"A Journey into the 3.5 Billion Year History of the Human Body" is more than I bargained for. I listened to a podcast, On Point, which we download for free from iTunes, featuring this scientist. He is absolutely amazing to listen to, but even more remarkable to read about. This book details where our major organs originated from, how we as humans came to be.
Neil Shubin is first an anatomist and second, a fish paleontologist, who unearthed Tiktaalik, a 375 million year old fossil fish whose flat skull, limbs with fingers and wrist bones, provided a link between fish and the first land dwelling organism. But, he doesn't just hone in on this fish-like fossil, he finds cellular similarities between our cells and sponges. He links our teeth and ear bones, and identifies the origins of our senses. It is a science book for those who are hesitant to embrace scientific text (because it's usually SO boring!) and he writes in a manner that can be understood by all. This book will open your eyes to the similarities of species and the universal body plan that has changed over time to better fit the environment we live in.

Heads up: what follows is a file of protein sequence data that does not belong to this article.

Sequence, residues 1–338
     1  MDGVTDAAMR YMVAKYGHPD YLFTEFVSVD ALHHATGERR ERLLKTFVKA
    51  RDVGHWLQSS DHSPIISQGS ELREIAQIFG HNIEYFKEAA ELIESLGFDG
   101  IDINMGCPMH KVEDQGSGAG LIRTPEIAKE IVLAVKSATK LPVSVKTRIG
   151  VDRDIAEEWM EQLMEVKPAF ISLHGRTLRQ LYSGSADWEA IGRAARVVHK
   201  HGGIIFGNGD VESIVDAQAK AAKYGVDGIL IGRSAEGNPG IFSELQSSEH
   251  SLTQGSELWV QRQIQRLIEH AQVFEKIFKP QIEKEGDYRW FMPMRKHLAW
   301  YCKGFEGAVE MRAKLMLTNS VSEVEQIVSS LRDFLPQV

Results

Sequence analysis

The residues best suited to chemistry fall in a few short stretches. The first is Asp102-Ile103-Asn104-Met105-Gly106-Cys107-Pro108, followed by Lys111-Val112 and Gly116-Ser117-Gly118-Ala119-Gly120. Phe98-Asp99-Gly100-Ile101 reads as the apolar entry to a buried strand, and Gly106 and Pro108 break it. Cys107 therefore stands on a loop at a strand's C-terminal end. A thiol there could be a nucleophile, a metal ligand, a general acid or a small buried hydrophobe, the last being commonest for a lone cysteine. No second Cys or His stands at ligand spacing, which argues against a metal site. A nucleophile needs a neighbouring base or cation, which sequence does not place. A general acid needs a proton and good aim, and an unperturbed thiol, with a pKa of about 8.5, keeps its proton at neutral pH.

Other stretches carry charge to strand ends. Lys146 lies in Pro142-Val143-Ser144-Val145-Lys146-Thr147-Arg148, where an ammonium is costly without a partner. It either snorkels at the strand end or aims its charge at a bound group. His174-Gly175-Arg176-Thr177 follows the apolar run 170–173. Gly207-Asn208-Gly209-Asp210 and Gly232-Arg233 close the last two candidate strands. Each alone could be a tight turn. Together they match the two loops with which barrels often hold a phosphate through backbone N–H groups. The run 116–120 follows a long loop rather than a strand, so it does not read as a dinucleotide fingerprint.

I HIGHLY recommend this book if you have ever wondered where hiccups originated from, how we have gills in the womb and then we don't or if you are just amazed at how perfect organisms are for their time, place and purpose.